The Philippines, unfortunately, suffered a 0-5 loss to Turkmenistan in the group stages of the 2010 Challenge Cup. However, to advance to the finals against North Korea, Turkmenistan could only defeat Tajikistan 2-nil in the semi-finals.

The latter, who won the inaugural Challenge Cup in 2006, could only muster a 0-0 draw against the Philippines in Iloilo in the 2008 qualifiers. In other words, while the 0-5 loss of the Philippines to Turkmenistan in the 2010 qualifiers looked emphatic, it was also probably avoidable.

Whatever psychological advantage Turkmenistan might have gained over the Philippines is moot and academic for the 2012 edition at least for the early stage, as it is grouped instead with host Nepal, the Maldives and Palestine.

Tajikistan, which is in the Philippines’ group, should hold no such psychological advantage even if it did win the inaugural tournament. Encouragingly for the Philippines, to get to the finals of the 2008 tournament, Tajikistan actually defeated North Korea, 1-nil in the semi-finals. This was the same tournament when Tajikistan went to Iloilo and drew with the Philippines.

As for India, which won the 2008 Challenge Cup, it did actually play against the Philippines in the 2006 edition. The result was a 1-all draw. While India won the tournament at home in 2008, it sent an under-23 side to the 2010 edition and finished bottom of its group.

India’s great recent achievement in football, however, was to actually play in the 2011 Asian Cup in Qatar. Its results were modest at best: 0-4 to Australia; 2-5 to Bahrain; and 1-4 to South Korea. The experience in such a high level tournament, though, will be crucial.

Local reactions were diverse when the draw for the 2012 Challenge Cup came out. The fatalists quickly saw that the Philippines ended up in what appeared to be the tougher draw. Indeed, being grouped against all three previous winners appeared to be a tough proposition. However, extrapolating all previous results in the Challenge Cup along with recent internationals involving the countries in the group, the task for the Philippines appears so much less intimidating.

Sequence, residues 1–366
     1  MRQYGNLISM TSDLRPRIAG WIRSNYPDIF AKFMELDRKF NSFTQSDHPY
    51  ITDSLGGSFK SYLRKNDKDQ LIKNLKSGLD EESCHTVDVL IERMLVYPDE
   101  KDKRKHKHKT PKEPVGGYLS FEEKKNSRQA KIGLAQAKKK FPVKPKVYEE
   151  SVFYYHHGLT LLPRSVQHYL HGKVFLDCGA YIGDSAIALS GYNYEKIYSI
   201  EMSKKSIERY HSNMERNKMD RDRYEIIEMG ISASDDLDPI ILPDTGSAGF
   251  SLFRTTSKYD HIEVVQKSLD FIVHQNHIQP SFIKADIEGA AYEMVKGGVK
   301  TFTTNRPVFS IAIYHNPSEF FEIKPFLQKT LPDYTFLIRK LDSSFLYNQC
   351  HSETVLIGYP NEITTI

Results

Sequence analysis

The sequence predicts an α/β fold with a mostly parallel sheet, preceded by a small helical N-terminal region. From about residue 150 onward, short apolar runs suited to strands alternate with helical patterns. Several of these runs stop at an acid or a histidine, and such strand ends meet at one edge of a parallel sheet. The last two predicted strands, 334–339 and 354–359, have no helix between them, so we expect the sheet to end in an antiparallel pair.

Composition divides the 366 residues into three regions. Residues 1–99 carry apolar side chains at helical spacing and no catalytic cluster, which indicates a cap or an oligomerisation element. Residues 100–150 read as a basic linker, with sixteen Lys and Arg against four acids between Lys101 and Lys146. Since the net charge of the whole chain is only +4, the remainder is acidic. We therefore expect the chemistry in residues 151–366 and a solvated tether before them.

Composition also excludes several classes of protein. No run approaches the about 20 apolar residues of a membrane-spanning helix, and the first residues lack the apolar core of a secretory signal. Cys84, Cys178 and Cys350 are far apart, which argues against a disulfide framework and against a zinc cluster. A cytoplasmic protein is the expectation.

This was always bound to happen, anyway, as the Philippines continued to climb up the ladder of international football. There were also those who were quick to see the brighter side of expectation management, pointing out as they did correctly that we appeared to have landed the easier draw in the Southeast Asian Games only to finish as the tournament’s doormat.

At the end of the day, the Philippines really needs to worry less about its opponents than the factors it has less control over. For one, many of the team’s top players are involved in European leagues; and who is eventually released by their clubs continues to be the evasive question.

It is reported that there are invitations to play against Middle Eastern team. This can only be beneficial because Middle Eastern teams are always top quality sides. That said, altitude training should be given equal attention.

Finally, the sooner the Filipinos realize that eleven men and not reputations play football, the better results may go for the entire team. In fairness, we all saw in the friendly against the LA Galaxy – the first half in particular – that the Philippines can face up to top sides without being star-struck.

On to 2012 and the AFC Challenge Cup, then. There are those who fret about the year as the end of the world; but for the Philippine national football team, it is the world that is actually bursting to begin!